I'm going to end this without going on a tirade about all the other things I have reported with the  311 app, where it gets closed out without much of an explaination. We had a little trouble with the dumping issue because the tracking number was useless and I guess no one is expecting anyone to follow up on their 311 requests. Lastly, there is a tree at Rhode Island and New Jersey with a big rotted hole at the base I've told the Help to avoid driving anywhere near this tree. Despite reporting it a while ago, I'll just let you look at the pictures here and here, and let you decide if this tree is a danger to drivers and maybe pedestrians.

Thursday Misc

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Household Stuff- Some agencies consider you and your roommates a household. I discoverd this when talk ing with someone from a minor DC agency (or it could have been an office within a larger one) that when determining a household's income it is you and your roommates, even if your roommates all lead separate lives. Though I no longer have roommates, this seemed odd, because as long as everybody is paying rent, their incomes are none of my damned business.

Vintage transit- Old 82 streetcar line The Eckington List had this lovely gem:

 I watched it and nearly punched a dent in my monitor when I recognized the flatiron building on Baltimore Ave/Route 1 attached to Franklin's in Hyattsville. There are some buildings that haven't changed much. In the first few and last few frames of the video there is a map showing the old streetcar lines. The video is for the 82 line which goes up New York Ave, crosses through Eckington and then heads up Rhode Island/ Baltimore Ave.

DC Humanities Grant $0-$5000 for Humanities related projects- I wrote $0 because you don't have to take the full amount, also you have to match the funds. The deadline is March 11.  

Rogue 24's Restaurant Week- Until Feb. 9th the 4 courses are $60.13, the 16 course Progression is $100.13, and the 24 course Journey is 120.13.

Table- Speaking of restaurants, I've heard from a friend who has been several times to the N Street dining establishment and really likes it.

City Market at O- They have a facebook page.

The Danger of Blighted Buildings

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Crossposted with Vacant Properties blog.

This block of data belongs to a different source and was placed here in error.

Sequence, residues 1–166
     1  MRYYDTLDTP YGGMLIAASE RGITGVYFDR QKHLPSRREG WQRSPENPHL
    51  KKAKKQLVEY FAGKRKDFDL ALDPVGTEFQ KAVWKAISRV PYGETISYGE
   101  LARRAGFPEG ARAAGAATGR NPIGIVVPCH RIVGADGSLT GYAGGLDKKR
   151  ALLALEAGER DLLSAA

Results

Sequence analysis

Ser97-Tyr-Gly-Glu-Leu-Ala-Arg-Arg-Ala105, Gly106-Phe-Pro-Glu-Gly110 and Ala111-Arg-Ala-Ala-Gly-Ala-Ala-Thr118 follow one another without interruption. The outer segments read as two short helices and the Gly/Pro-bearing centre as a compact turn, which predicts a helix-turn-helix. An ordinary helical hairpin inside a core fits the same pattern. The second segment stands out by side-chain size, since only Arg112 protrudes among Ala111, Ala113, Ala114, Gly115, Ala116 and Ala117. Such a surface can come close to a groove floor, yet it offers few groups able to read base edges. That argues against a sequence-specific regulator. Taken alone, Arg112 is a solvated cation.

When I am done with the InShaw blog I hope to spend more time and energy on other projects, one being the Vacant Properties blog, because vacant and blighted residential buildings hurt all neighborhoods, gentrified, gentrifying and DC neighborhoods with so much blight that they are called blighted. A recent fire in S.E. DC which claimed the lives of two adults demonstrates the danger of having blighted properties, particularly in attached housing.

In the Washington Post article about the fire, resident Ericka Walker is quoted in saying that she tried to alert authorities, but "couldn't find anyone to help." The article says that the police and zoning (zoning? why zoning isn't this a DCRA issue?) have nothing about anyone saying anyone was living there full time. Full time was not defined, and I wonder how soon after Ms. Walker complained did anyone follow up and what entails following up.

DCFD has some video


When it is cold it is not unheard of in the history of this city that people get into vacant buildings. They may start fires to keep warm, and in the case of 1704 R St SE, there was cooking.

You can report vacant and blighted properties to DCRA but there doesn't to be any clear course of action when there is squatting. All the city seems to be able to do is tax the properties at a higher rate and reboard/secure the property. The owner of the property (unless this has changed) is the only one who can ask the police to remove tresspassers/ squatters, which is problematic when you have an absentee landlord who has essentially abandoned their property.

Buyer be aware

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The internet is a wonderful thing, at times. It has made available information that would have been too hard to cobble together years ago. However, the information is only as good as the body putting it out. The body in this case is DCRA, which can be hit or miss.